Illustrator: Illustrated by Pierre Bonnard (French, Fontenay-aux-Roses 1867–1947 Le Cannet)

Author: Written by Paul Verlaine (French, Metz 1844–1896 Paris)

Publisher: Published by Ambroise Vollard (French, 1866–1939)

Printer: Printed by Auguste Clot (French, 1858–1936)

Printer: Printed by Tony Beltrand (French, Lyon ca.1847–1904 Paris)

Printer: Printed by L'Imprimerie Nationale, Paris

Date: 1900

Medium: 109 lithographs printed in rose ink; 9 wood engravings

Dimensions: Overall: 11 15/16 x 9 13/16 x 1 3/16 in. (30.3 x 25 x 3 cm)
sheet: 12 x 9 13/16 in. (30.5 x 25 cm)

Classification: Books

Credit Line: The Elisha Whittelsey Collection, The Elisha Whittelsey Fund, 1970

Accession Number: 1970.713

Rights and Reproduction: © 2018 Artists Rights Society (ARS), New York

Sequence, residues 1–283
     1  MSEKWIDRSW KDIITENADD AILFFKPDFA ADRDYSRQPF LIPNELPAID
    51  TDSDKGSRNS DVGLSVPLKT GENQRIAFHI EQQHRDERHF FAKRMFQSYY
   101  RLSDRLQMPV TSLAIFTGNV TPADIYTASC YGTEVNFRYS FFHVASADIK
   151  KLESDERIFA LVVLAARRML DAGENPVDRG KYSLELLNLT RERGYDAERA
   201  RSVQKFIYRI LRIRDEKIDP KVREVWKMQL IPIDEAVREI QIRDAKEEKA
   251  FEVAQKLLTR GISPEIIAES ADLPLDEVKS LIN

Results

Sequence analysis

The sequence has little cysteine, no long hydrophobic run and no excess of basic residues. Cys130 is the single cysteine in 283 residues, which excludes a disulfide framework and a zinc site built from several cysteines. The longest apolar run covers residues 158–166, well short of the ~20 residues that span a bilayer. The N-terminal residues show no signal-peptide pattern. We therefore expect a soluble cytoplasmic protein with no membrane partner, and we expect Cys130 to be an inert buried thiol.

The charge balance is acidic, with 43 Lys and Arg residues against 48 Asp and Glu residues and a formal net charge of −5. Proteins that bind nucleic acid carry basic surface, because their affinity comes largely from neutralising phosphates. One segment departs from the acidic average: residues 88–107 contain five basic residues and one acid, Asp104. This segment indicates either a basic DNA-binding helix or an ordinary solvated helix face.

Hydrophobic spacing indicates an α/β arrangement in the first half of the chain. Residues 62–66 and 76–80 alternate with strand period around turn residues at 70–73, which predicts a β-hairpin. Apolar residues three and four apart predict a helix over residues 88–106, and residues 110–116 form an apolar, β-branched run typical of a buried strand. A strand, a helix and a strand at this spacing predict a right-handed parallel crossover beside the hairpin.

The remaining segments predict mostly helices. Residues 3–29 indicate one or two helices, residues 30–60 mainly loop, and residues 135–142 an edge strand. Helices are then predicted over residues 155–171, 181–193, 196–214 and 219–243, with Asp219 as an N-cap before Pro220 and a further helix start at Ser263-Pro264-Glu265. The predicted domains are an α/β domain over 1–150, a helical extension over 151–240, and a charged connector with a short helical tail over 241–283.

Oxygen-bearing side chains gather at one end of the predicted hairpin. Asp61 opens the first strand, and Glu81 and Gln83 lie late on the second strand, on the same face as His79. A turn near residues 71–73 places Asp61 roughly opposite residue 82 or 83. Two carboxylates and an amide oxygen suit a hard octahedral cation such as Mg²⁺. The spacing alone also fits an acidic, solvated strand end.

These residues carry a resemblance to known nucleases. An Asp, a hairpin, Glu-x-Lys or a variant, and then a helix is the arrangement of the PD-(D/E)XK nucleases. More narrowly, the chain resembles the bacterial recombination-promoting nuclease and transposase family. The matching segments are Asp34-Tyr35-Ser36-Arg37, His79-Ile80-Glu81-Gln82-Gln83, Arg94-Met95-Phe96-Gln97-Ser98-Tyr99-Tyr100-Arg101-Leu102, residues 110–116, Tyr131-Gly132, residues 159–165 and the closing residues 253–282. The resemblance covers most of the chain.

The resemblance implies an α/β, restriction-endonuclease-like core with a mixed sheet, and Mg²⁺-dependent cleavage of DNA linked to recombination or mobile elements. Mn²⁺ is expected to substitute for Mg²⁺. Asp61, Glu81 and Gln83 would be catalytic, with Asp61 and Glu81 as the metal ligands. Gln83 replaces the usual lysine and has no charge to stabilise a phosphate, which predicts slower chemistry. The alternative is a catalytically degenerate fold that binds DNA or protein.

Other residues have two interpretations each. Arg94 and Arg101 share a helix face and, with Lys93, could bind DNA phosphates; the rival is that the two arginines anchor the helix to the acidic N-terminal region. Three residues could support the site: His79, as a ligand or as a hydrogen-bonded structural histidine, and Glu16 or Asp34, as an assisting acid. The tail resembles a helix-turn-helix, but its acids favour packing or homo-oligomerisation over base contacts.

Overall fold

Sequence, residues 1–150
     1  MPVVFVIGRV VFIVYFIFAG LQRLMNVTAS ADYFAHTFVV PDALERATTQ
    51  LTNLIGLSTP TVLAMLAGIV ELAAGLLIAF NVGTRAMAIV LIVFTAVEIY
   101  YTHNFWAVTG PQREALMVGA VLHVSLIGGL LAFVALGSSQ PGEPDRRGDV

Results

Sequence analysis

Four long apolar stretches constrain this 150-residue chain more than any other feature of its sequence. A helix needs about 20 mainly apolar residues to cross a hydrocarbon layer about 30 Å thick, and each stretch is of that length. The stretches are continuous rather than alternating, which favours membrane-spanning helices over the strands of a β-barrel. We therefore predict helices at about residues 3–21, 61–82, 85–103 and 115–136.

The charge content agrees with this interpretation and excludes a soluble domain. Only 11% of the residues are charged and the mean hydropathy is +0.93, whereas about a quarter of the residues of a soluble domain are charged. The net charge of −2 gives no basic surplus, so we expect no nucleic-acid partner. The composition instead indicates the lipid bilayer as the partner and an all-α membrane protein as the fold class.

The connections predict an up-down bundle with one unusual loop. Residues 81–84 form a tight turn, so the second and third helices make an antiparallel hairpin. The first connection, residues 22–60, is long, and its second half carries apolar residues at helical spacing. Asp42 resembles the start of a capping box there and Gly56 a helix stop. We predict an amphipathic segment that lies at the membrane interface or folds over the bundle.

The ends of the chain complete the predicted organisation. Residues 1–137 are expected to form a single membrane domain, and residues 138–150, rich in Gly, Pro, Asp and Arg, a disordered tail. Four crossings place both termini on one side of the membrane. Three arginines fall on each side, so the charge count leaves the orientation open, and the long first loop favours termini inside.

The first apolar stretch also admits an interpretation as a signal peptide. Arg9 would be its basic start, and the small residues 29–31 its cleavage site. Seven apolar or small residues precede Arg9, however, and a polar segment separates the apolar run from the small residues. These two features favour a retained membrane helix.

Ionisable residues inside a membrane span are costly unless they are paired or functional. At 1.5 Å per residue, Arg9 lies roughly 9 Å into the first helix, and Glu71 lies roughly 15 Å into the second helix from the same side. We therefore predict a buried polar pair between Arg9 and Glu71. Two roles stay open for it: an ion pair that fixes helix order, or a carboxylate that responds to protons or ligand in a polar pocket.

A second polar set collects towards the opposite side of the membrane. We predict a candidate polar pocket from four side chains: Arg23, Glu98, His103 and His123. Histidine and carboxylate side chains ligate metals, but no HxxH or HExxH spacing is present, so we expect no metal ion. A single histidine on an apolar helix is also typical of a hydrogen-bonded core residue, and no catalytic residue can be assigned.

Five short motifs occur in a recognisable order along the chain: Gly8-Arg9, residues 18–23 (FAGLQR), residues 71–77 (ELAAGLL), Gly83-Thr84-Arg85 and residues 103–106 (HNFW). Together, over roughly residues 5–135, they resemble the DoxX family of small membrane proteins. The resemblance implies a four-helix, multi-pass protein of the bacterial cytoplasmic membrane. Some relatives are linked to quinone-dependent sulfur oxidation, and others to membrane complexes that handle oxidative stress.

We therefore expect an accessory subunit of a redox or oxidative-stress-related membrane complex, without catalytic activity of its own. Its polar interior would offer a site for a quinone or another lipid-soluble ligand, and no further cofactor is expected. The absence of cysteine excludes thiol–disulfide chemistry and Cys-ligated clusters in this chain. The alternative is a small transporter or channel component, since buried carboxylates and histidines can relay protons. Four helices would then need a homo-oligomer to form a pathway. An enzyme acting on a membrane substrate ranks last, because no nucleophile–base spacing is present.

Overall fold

Bonnard's response to Verlaine's poems on the parallelism of human nature was unprecedented in its rich expansiveness, his 109 designs suggesting the Rococo splendor of red-chalk drawings by Boucher and Watteau. The book, published by Ambroise Vollard, was the first modern livre de peintre, combining a classically printed text with a painter's freehand allusions. The illustrations are luxuriously unconfined by either strict format or literal attention to the text, and flow with extraordinary immediacy. While one contemporary critic dismissed the work as "uncertain ... stutterings," another declared that never before had illustrations been so perfectly adapted to a book of verse. Indeed, the harmonious relationship of word and image set a new standard in book design.